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Last Updated:[07-04-2009 07:35:07 EDT] Zoom in Zoom out Back to Tradenews

Rudd Roles Out State-owned Mega Plan to Tweak Broadband Speed



tradenews Rudd's center-left Labor Government has decided to boost the country’s Broadband services by 100 times faster through establishing a public-private partnership company, in which the government will hold majority stake. The formation of a new National Broadband Network Corporation with an initial investment of about $4bn is likely to generate 25,000 jobs every year during the project’s term, and the overall expenditure is estimated at $31bn.

The new network is expected to provide fibre to the premise (FTTP) technology to 90 percent of the population with a staggering speed of 100mbps and the remaining 10 percent who are in remote areas will be offered wireless connectivity with 12mbps. Australia is one of the few advanced countries that have slower internet services. After delivering the plan, the Prime Minister Kevin Rudd said “This is a huge enabler for the Australian economy for the 21st century”.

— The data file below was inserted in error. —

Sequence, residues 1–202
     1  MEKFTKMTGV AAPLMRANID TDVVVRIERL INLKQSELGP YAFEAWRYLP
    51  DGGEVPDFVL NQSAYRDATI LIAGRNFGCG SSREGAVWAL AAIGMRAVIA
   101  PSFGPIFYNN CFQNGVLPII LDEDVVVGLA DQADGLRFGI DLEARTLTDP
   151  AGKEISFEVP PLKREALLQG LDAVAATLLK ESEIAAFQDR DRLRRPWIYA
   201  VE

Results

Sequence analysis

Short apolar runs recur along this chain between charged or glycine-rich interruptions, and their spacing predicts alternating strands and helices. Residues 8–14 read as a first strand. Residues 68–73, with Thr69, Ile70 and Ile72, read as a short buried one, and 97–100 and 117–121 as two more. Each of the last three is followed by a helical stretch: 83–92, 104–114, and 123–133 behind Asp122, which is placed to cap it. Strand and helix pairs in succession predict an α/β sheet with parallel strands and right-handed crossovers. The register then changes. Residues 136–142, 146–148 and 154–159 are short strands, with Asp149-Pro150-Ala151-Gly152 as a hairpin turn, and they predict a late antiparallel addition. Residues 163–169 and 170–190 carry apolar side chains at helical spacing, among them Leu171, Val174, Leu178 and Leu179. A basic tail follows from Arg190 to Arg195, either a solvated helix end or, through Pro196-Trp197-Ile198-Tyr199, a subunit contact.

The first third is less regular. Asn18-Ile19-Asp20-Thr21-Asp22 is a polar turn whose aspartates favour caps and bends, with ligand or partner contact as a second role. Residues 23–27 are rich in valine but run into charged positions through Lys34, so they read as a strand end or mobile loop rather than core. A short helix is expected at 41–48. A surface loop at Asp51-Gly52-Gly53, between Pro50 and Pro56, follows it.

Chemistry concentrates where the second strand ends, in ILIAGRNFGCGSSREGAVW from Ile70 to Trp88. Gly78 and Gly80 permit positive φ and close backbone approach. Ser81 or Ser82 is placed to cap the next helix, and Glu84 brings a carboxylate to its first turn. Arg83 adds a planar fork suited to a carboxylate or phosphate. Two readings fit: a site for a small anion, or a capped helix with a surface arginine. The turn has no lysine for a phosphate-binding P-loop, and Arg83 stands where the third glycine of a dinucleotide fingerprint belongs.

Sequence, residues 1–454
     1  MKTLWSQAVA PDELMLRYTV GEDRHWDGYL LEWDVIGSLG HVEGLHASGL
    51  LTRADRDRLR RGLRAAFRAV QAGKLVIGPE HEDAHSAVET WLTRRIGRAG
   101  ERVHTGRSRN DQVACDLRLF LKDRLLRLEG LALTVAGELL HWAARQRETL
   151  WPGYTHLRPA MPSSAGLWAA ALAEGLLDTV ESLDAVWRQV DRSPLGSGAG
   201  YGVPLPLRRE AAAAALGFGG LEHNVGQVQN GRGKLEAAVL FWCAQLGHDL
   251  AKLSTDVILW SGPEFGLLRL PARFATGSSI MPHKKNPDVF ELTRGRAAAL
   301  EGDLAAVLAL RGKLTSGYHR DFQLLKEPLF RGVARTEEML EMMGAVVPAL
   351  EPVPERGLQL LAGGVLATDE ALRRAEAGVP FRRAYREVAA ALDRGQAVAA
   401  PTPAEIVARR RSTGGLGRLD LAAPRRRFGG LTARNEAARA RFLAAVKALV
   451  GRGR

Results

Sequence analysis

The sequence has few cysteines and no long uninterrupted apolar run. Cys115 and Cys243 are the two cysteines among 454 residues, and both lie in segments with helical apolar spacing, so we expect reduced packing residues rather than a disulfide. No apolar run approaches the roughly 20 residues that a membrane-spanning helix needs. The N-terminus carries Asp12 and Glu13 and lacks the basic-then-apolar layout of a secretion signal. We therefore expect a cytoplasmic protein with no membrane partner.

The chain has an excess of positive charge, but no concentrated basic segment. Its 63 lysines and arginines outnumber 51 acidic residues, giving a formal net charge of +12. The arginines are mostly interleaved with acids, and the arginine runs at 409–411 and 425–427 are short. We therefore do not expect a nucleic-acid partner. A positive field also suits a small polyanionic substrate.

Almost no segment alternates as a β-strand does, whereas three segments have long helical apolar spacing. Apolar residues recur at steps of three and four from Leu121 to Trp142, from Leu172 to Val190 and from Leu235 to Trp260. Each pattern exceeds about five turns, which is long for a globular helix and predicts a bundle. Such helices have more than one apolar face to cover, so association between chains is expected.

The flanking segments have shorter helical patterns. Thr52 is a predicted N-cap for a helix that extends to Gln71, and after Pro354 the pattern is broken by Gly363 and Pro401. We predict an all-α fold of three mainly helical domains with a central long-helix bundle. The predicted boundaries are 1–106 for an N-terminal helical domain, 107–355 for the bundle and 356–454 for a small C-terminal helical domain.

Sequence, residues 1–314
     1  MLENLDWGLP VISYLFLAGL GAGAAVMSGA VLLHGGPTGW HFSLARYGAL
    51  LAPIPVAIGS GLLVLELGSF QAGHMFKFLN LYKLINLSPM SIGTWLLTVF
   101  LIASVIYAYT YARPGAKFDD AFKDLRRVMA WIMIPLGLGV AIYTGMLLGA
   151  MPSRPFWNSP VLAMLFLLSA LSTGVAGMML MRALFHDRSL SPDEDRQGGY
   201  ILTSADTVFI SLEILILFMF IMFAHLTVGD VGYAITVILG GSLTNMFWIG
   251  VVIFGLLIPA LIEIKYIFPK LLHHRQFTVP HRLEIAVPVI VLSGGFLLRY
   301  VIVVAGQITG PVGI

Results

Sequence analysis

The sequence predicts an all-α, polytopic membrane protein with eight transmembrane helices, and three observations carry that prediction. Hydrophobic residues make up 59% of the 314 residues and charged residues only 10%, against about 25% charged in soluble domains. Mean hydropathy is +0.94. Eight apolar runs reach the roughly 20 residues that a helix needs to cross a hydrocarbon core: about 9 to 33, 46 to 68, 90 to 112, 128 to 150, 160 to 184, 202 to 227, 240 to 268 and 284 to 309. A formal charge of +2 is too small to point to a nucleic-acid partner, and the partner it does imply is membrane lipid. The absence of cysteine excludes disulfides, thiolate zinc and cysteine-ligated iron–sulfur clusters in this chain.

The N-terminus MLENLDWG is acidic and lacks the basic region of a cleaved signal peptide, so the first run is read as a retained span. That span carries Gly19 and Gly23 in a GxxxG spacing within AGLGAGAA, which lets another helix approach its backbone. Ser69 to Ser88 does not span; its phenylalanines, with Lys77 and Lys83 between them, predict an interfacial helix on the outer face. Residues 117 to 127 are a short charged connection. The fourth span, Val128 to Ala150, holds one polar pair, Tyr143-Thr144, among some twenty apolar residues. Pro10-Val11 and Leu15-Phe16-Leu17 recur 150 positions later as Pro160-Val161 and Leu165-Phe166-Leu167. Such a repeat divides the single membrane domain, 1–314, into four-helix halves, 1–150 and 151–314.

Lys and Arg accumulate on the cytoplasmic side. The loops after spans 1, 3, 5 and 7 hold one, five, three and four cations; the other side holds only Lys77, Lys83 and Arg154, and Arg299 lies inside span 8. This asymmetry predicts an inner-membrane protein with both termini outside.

The broadband network public-private venture is the largest nation-building project in the history of Australia. It is the most ambitious and long term nation-building infrastructure project ever undertaken by an Australian government.

Earlier, the government had dumped its national broadband network policy of tendering the project to private companies after failing to derive reasonable value, and fearing delay in the project due to the current global financial situation. Nevertheless, the major players including Telstra and SingTel are learned to have pledged their support to the project.

The government plans to finance the state’s majority stake through Building Australia Fund and then through issuance of Aussie Infrastructure Bonds (AIBs) that will allow retailers and institutions to invest in the mega project. However, after five years of completion, the government will likely divest its majority stake.

Opposition Leader Malcolm Turnbull warned the public that the new project was likely to be three times costlier than the present internet services. An Australian subscriber on an average pays $30 to $40 per month for broadband services.

By Jose Roy




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